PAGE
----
I progressed from helping with volunteer work parties to leading them. Over a long, hot summer we pulled bracken, bashed Himalayan Balsam, and fixed fences. Making the beginner’s mistake of going out in shorts and t-shirt, I had a run in not only with midges, mosquitoes, and horseflies, but the particularly nasty and disarmingly pretty twin-lobed deerfly. This led to itching for days and blisters on my legs I got popped at the doctors. Since then, following advice, I have worn a horse-fly proof shirt and trousers.

One of my toughest challenges was carrying out a site assessment for Cadishead Moss and updating the management plan. Through this I started getting my head around the JNCC and NVC habitat classifications. I was delighted to find that, since the original management plan was written in 2011, this area of degraded lowland raised bog was showing signs of recovering following the scrub clearance, bunding, and revegetating work.

Having enjoyed planting peatland plants I learnt to grow them at Prince’s Park Garden Centre. This involved harvesting cottongrass seed sustainably from the mosslands and sowing it.

I took cuttings from and propagated heather, cross-leaved heath, and other specialist bog plants, and collected Sphagnum to create bog-in-a-boxes. This resulted in an introductory booklet on peatland plants. I also led an AQA in Peatland Conservation and Horticulture for adults with learning disabilities. It was fulfilling to see them progress and see their expressions when they got to the mosslands to plant what they had grown.

I was allowed to pursue a personal interest by researching the prehistoric archaeology of Chat Moss, producing articles, and giving an online talk. I wrote and recorded a series of poems called ‘Ghost Wolf Rises’ for a poetry trail in New Moss Wood and had the opportunity to perform at the Deep Peat event.

A personal highlight has been learning to identify Sphagnum mosses with Anna Keightley, a volunteer with the Sphagnum Squad and a post-doctoral research associate at Manchester Metropolitan University. Following this I shared my knowledge through running training sessions for volunteers.

The aspect of the role I struggled with the most was project management. When I was asked to plan and deliver some contract planting I enjoyed making the maps (once I’d got to grips with QGIS*) but struggled with the delivery due to my insecurities about managing people, uncertainties around contractor availability, and delays with plant deliveries. 

At this point I noticed that, on the mosslands, due to the landscape scale nature of the work, there is a lot more project management than on other nature reserves. I noticed my colleagues taking on increasing amounts and realised this may not be the path for me.

Ascertaining I was autistic half way through also led to a confidence crisis. How, aged forty, as someone with a life-long neuro-developmental difference, could I hope to compete with young, neurotypical people in such a competitive job industry?

However, in spite of my fears about my abilities to use machinery as an autistic person, I gained my LANTRA qualifications in using a brushcutter, a clearing saw and pesticides.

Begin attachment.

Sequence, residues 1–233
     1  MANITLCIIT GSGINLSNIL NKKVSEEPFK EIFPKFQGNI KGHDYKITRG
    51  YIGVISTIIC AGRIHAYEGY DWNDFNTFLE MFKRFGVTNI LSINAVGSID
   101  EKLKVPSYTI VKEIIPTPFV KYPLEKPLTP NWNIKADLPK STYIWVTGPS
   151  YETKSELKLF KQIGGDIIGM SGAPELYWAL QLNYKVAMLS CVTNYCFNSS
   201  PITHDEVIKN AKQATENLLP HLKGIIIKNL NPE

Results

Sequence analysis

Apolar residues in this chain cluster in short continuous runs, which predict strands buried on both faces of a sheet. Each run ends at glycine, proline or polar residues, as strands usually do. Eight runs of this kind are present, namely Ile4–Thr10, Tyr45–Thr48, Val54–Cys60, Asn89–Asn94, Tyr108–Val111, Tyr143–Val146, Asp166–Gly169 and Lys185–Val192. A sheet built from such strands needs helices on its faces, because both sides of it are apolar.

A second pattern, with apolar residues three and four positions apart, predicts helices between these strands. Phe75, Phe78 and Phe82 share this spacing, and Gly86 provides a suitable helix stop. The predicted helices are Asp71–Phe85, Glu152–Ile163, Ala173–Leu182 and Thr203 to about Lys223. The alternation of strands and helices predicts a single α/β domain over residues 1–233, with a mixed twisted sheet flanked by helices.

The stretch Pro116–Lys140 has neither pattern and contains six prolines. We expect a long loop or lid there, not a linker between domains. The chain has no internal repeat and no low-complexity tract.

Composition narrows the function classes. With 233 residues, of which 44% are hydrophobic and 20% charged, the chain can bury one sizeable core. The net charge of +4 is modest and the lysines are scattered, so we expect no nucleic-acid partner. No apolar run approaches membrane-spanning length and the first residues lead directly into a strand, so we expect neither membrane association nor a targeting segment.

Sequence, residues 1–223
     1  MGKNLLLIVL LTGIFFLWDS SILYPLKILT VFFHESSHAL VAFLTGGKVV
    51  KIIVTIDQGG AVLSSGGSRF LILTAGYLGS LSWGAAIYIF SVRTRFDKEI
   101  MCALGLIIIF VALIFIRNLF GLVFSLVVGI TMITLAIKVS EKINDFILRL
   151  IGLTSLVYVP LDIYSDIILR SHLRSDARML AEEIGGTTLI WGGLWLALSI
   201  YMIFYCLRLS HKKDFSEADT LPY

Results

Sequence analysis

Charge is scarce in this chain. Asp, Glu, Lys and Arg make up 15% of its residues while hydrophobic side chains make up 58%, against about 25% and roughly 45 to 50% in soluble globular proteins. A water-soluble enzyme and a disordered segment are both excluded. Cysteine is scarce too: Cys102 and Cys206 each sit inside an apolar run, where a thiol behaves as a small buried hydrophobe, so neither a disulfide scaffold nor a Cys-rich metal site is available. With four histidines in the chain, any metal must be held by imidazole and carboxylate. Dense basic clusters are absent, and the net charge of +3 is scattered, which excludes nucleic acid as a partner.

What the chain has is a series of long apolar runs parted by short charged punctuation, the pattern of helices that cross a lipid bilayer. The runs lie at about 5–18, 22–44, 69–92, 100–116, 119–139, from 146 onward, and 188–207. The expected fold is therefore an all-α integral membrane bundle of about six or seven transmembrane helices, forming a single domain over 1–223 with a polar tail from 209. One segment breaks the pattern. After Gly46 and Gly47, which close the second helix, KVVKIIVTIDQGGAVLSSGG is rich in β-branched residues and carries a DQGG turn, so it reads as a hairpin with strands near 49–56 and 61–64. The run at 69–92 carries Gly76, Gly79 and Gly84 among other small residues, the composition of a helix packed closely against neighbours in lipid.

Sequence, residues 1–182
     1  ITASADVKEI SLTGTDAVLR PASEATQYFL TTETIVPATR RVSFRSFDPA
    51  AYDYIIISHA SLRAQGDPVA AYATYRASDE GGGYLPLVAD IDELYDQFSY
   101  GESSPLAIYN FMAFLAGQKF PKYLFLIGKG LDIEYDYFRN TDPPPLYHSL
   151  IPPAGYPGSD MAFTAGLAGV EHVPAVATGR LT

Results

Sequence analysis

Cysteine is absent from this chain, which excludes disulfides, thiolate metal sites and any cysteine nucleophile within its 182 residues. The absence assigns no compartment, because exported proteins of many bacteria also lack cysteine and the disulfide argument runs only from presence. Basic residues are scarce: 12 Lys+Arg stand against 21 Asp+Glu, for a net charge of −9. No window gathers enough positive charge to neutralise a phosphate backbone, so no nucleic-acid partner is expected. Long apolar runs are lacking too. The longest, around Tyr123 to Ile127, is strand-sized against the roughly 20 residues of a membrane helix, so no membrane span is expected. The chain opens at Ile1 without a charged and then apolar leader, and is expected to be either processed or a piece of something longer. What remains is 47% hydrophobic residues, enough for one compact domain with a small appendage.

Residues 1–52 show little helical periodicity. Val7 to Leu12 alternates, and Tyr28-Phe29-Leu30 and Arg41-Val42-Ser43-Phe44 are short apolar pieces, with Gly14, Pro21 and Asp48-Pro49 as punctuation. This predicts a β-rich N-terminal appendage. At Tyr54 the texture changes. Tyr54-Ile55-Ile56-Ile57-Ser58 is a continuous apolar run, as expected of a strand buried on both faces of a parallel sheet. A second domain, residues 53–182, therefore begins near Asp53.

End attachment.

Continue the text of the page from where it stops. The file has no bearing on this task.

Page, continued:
Over the course of my traineeship I took an increasing interest in surveying and monitoring. I surveyed for moths, butterflies, and bog bush crickets (who we also tried to catch for a reintroduction project – not easy!). I attended a spider identification workshop with Richard Burkmar at Rixton Clay Pits and began working with him to set up spider surveys on Little Woolden Moss and worked on our survey methodologies.

I gained experience of setting up Eyes on the Bog and carried out habitat assessments for the feasibility of reintroducing the White-faced Darter dragonfly. For the latter we surveyed for aquatic invertebrates and, as well as dragonfly nymphs, water boatmen, and others we discovered what might be larvae of the rare cranefly Phalocrocera replicata

At this time, when I realised no jobs were going to come up on the mosslands before the end of my traineeship, I began applying elsewhere. I applied for a seasonal nursery worker job, a job as a neighbourhood operative on local parks, and sent my CV to a few local ecological consultancies in the hope that they might have seasonal survey work. 

To my surprise two consultancies got back to me soon afterwards. One, Ecology Services in Longton, just three miles cycling distance from my home, swiftly arranged an interview, then, two days later, offered me not only seasonal work but a full-time permanent position as a Graduate Ecologist on a generous wage.

So, I am destined to be an ecologist. This isn’t something I predicted at the outset of my traineeship, but it became a possibility as my passion for surveying and learning about various species and the ways they interact with their habitats developed. 

It fits with my interest in botany and bryology and spiritual calling as an awenydd to deepen my relationship with the natural world by learning the names of the plants and creatures, their distinguishing features, visible and microscopic, the processes by which they interact with their environment, the poetry of small things.

I am also considering complementing my new job by pursuing a part-time MSc in Biological Recording and Ecological Monitoring at Manchester Metropolitan University. This provides a grounding in research methods and opportunities to specialise in areas such as mosses and invertebrates.

A period of upheaval and self-doubt has been followed by confirmation of my ability to gain a Graduate Ecologist position and that I’m a good fit for the MSc.

I’m currently in transition, working the last fortnight of my traineeship, before beginning my ecologist position on March the 3rd. I am grateful to my line manager, Jamie Lawson, the Peat Team, the volunteers, and all at Prince’s Park, for what I have learnt on the mosslands and am looking forward to moving on into my new role.

*This online geographic information system is notoriously difficult and counterintuitive and learning it has been a source of both pleasure and woe.